We have devoted most of our financial resources to research and development, including our clinical and non-clinical technology development and development activities. The amount of our future net losses will depend, in part, on the rate of our future expenditures and our ability to obtain funding through equity or debt financings, strategic collaborations or additional grants. We have not completed pivotal clinical studies for any product candidate and it will be several years, if ever, before we have a product candidate ready for commercialization. Even if we obtain regulatory approval to market a product candidate, our future revenues will depend upon the size of any markets in which our product candidates have received approval, our ability to achieve sufficient market acceptance, reimbursement from third-party payors and other factors.
 
We expect to continue to incur significant expenses and increasing operating losses for the foreseeable future. We anticipate that our expenses will increase significantly if and as we:

continue our Phase 2 clinical trial of GEN-003, our most advanced product candidate that we are developing for the treatment of genital herpes infections, and commence a planned Phase 2b bridging clinical trial in late 2015 following improvements that we have made to the manufacturing process for GEN-003;
 
initiate additional non-clinical, clinical or other studies for our other product candidates;
 
manufacture material for clinical trials and for commercial sale;
 
seek regulatory approvals for any product candidates that successfully complete clinical trials;
 
establish a sales, marketing and distribution infrastructure to commercialize any products for which we may obtain marketing approval;
 
seek to discover and develop additional product candidates;
 
acquire or in-license other product candidates and technologies;

30



 
make royalty milestone or other payments under any in-license agreements;
 
maintain, protect and expand our intellectual property portfolio;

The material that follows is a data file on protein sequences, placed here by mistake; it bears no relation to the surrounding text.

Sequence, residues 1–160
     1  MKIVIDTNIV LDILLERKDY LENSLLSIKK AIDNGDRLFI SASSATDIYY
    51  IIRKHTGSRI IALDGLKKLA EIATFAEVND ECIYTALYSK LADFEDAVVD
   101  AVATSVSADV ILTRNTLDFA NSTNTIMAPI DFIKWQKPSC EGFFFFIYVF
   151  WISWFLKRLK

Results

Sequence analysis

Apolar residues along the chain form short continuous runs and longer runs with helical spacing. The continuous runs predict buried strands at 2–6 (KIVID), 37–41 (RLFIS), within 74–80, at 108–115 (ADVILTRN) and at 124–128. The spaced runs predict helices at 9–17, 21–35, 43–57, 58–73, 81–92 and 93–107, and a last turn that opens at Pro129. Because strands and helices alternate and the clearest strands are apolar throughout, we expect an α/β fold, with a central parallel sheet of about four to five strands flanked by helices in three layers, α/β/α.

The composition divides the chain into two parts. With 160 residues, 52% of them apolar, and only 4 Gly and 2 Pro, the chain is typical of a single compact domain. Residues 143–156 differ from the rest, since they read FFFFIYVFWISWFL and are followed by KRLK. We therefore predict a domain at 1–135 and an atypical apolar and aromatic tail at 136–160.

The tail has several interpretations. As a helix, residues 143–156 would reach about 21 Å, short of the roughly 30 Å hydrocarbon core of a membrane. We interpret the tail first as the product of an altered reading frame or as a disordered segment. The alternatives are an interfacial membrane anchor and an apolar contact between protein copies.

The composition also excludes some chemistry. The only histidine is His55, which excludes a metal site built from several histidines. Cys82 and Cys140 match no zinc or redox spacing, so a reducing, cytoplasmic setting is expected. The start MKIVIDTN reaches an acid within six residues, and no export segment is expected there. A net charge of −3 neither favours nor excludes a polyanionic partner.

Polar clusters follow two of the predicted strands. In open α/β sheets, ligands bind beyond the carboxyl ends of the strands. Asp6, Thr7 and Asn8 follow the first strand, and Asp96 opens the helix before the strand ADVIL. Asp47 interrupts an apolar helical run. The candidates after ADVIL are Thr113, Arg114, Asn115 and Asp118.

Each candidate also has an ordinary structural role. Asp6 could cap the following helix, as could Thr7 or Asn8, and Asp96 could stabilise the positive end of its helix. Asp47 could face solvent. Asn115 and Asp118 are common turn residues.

attract and retain skilled personnel; and
 
create additional infrastructure to support our operations as a public company and our product development and planned future commercialization efforts.
 
The net losses we incur may fluctuate significantly from quarter to quarter and year to year, such that a period-to-period comparison of our results of operations may not be a good indication of our future performance. In any particular quarter or quarters, our operating results could be below the expectations of securities analysts or investors, which could cause our stock price to decline.
 
To become and remain profitable, we must succeed in developing and eventually commercializing products that generate significant revenue. This will require us to be successful in a range of challenging activities, including completing non-clinical studies and clinical trials of our product candidates, discovering additional product candidates, obtaining regulatory approval for these product candidates and manufacturing, marketing and selling any products for which we may obtain regulatory approval. We are only in the preliminary stages of most of these activities. We may never succeed in these activities and, even if we do, may never generate revenues that are significant enough to achieve profitability.
 
Because of the numerous risks and uncertainties associated with pharmaceutical product development, we are unable to accurately predict the timing or amount of increased expenses or when, or if, we will be able to achieve profitability. If we are required by the FDA or the European Medicines Agency to perform studies in addition to those currently expected, or if there are any delays in completing our clinical trials or the development of any of our product candidates, our expenses could increase.
 
Even if we do achieve profitability, we may not be able to sustain or increase profitability on a quarterly or annual basis. Our failure to become and remain profitable would depress the value of our company and could impair our ability to raise capital, expand our business, maintain our research and development efforts, diversify our product offerings or even continue our operations. A decline in the value of our company could also cause you to lose all or part of your investment.

We will require substantial additional financing to achieve our goals, and a failure to obtain this necessary capital when needed would force us to delay, limit, reduce or terminate our product development or commercialization efforts.
 
As of September 30, 2015, our cash, cash equivalents and investments were $112.5 million. We believe that we will continue to expend substantial resources for the foreseeable future developing GEN-003 and our non-clinical product candidates. These expenditures will include costs associated with research and development, potentially acquiring new technologies, potentially obtaining regulatory approvals and manufacturing products, as well as marketing and selling products approved for sale, if any. In addition, other unanticipated costs may arise. Because the outcome of our planned and anticipated clinical trials is highly uncertain, we cannot reasonably estimate the actual amounts necessary to successfully complete the development and commercialization of our product candidates.
 
Our future capital requirements depend on many factors, including: